Covering disruptive stories
Generation Z, or Gen Z, coming on the heels of the Millennials, are more racially and ethnically diverse than any generation before. They are truly the first digital natives, with the smart phone around them since birth. As the saying goes, “Today, 2-year-olds can unlock an iPhone, open and close their favorite apps all by themselves. When I was that age, I was eating dirt.” In fact, this generation cannot imagine life without the iPhone and the Internet.
Gen Zers are considered to have been born between 1995-2009, and comprises 27% of the U.S. population. This places the oldest Gen Zers as just joining the workforce and the youngest still in school. According to the Next Generation Report from Business Insider Intelligence, Gen Z will shortly become the largest consumer population in the U.S.; they are already estimated to influence $143 billion in spending in the US alone.
Having known social platforms like Facebook, YouTube and Instagram all their lives, these young people are constantly connected online, and are therefore, constantly informed about what is going on in the world, especially all the inequalities and injustice across the world.
Research shows that this generation spends over 10 hours a day connecting to the Internet and social platforms. Says one Gen Zer, “I use Instagram, literally like a lifeline. It’s the first thing I look at when I wake up in the morning.” Therefore, Gen Z and social media are a powerful combination, making them the onlookers who see most of the game.
With social media providing endless opportunities to grow, learn, connect and build, Gen Zers are unafraid to speak truth to power, and the more corruption and wrongdoing they see, the more passionate and determined they become to change the status quo. Thus, Gen Z’s increased passion for charitable activities aimed at social change, is generally attributed to their long hours on social media.
Moreover, unlike the negative “Me Generation” image of millennials, Gen Z appears to be genuinely passionate about changing the world, with community consciousness a priority for them. Millennial and Gen Z expert in Texas, Jason Dorsey, said, “Everybody expects the generation to be simply a continuation, as if Gen Z is a more extreme example of millennials — that’s not true.”
One Gen Zer said, ““We care about our world. We care most about the humans in our world.” Heading their list of priorities is human rights. During their lifetime, they will seek to eliminate slavery, sex trafficking, homelessness, poverty, and the senseless displacement of people from their native lands.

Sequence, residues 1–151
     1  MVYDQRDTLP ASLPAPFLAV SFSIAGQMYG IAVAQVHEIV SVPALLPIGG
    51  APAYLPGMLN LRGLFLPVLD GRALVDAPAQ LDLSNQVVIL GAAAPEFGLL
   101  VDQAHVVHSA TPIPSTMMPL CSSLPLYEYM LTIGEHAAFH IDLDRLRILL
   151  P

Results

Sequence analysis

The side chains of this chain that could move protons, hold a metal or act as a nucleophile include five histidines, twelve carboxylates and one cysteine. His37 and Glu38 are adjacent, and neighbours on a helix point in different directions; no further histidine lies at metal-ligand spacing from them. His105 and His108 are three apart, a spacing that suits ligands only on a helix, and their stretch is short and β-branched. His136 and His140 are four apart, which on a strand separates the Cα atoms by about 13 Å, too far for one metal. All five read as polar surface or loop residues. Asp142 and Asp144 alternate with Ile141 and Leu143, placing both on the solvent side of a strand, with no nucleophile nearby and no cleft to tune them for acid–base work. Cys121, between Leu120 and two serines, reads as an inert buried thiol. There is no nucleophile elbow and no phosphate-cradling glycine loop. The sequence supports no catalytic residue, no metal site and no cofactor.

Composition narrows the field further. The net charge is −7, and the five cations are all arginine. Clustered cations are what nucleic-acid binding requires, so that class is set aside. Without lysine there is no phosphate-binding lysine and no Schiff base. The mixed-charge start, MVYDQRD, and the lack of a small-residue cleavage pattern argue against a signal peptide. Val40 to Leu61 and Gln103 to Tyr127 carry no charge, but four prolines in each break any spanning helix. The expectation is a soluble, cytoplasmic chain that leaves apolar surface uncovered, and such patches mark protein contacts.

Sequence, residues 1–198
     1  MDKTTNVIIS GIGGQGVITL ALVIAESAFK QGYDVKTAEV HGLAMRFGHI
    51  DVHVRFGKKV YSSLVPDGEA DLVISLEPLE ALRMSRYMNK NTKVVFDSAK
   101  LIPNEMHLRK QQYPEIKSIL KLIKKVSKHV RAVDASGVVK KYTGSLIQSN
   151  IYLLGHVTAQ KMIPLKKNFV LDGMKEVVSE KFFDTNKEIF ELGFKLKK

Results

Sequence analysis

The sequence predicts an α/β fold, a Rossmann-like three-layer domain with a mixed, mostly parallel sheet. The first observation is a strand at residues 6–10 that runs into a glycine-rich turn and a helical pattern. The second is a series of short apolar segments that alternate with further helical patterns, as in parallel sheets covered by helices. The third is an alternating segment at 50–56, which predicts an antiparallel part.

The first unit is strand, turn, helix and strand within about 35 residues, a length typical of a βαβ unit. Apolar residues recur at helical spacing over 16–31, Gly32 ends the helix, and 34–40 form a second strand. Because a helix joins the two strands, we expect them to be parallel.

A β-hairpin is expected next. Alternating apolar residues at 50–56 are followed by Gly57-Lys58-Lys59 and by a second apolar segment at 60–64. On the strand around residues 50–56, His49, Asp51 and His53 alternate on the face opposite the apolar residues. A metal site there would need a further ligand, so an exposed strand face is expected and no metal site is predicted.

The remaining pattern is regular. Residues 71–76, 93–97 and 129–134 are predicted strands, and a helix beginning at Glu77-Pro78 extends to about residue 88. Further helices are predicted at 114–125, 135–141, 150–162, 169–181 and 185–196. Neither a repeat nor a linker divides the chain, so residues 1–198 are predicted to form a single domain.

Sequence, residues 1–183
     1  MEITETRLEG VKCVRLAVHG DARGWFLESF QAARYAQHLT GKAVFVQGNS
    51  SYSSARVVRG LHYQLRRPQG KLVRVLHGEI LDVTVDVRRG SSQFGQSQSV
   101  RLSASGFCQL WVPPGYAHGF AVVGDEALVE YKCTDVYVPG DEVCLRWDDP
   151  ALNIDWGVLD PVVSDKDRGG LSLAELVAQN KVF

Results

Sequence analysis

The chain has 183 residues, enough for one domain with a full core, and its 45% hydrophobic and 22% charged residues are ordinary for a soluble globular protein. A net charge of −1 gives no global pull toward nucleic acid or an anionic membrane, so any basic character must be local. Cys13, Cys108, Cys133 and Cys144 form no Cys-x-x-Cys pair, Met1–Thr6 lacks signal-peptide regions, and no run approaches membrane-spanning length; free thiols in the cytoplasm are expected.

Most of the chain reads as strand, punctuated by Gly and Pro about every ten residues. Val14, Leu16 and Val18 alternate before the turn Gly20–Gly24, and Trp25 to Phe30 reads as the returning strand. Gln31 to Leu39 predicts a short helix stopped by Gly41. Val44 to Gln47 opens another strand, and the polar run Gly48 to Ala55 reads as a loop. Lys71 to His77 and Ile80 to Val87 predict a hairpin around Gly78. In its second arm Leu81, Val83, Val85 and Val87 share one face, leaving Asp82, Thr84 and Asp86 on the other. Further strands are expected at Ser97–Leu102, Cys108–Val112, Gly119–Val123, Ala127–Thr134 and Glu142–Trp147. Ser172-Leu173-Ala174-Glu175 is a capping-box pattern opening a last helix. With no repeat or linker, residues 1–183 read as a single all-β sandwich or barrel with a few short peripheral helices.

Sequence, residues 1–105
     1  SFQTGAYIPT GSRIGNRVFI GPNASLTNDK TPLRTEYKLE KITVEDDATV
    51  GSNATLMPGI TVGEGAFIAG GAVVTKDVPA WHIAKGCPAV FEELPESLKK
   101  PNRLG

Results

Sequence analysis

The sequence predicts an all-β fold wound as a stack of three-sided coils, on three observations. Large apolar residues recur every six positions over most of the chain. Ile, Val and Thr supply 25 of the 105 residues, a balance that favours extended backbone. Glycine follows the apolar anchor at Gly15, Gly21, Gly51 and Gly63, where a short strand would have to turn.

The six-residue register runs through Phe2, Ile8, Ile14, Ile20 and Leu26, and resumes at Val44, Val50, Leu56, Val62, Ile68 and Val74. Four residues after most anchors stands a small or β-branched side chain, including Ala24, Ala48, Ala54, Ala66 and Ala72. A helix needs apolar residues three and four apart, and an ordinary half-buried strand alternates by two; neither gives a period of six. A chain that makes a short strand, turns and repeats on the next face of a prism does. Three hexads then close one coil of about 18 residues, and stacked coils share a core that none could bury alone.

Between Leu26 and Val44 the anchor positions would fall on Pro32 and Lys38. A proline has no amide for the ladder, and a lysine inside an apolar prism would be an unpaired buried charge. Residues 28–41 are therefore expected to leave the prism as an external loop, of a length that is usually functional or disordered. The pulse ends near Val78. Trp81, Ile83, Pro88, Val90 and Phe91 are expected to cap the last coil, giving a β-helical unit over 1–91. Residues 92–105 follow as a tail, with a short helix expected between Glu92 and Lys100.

And so, it is hardly surprising that international thought leader, Beth Kanter, calls Gen Z “Philanthroteens” who want to go out in the real world and do something. She remarks, “Gen Z are the next generation of donors. They are tech-savvy and generous.”
Cassandra Report, headquartered in New York, and distinguished as an authority on Millennials and Gen Z, leading studies of emerging trends, generational insights, and youth behavior, recently reported that nearly half of teenagers in the UK and the US want to volunteer, while 32% have already donated money and just over one in 10 want to start a charity.
This symbolizes the fact that Gen Z does not consider it enough to just post and share thoughts about the causes they believe in. They are making their beliefs become reality by putting dollars into the causes. As Facebook research explains, “This generation often puts aside its differences and rallies around causes that will benefit the greater good. (They expect) brands to do the same—to live their own values and to offer value. In fact, 68% of Gen Zers expect brands to contribute to society.”
Among the issues that Gen Z is most vocal about is sustainable consumption and climate change. A recent Forbes report found that 62% of Gen Z, prefer to buy from sustainable brands, and they support sustainably sourced materials, recycling and re-use initiatives in manufacturing. They are, in fact, shaming earlier generations who consumed like there is no tomorrow and behaved as though the earth’s resources are endless.
This concern for a clean and livable planet is at the heart of Gen Z’s concern about climate change, which they demonstrated recently on a global platform. The Global Climate Strike from September 20-27, 2019, was a forceful reminder to older generations they need to change their wasteful habits of frittering away precious resources.
It was initiated by Greta Thunberg, a 16-year-old Swedish activist who skipped school and protested at the Swedish parliament, demanding political action on climate change. The Global Climate Strike protests took place across 4,500 locations in 150 countries, with an estimated 6 million people participating across the globe, considered the largest global climate demonstration in history.
What added impetus to the protests was the passionate conversation on the protests as reports and articles were shared on social media platforms. Moreover, the urgency Gen Z brought to the debate focused on large corporations and politicians, many of who are not just adding to the problem, but also standing in the way of solutions.
And so, the world is seeing in action, the “Be Yourself” philosophy of a generation yearning for action on real issues affecting all communities of the world, demanding that older generations see life as it really is, and not through rose-tinted glasses focused on wealth, beauty and popularity.
As Kayla Sredni, Strategist at the international innovation consultancy, R/GA, says, ““[B]rands need to take these kids seriously. Teens don’t feel like they have a platform to voice their thoughts, so they’ve created their own. If brands can legitimize their feelings, and give them a place to discuss hard-hitting topics, they will win the love and support of this age group.”
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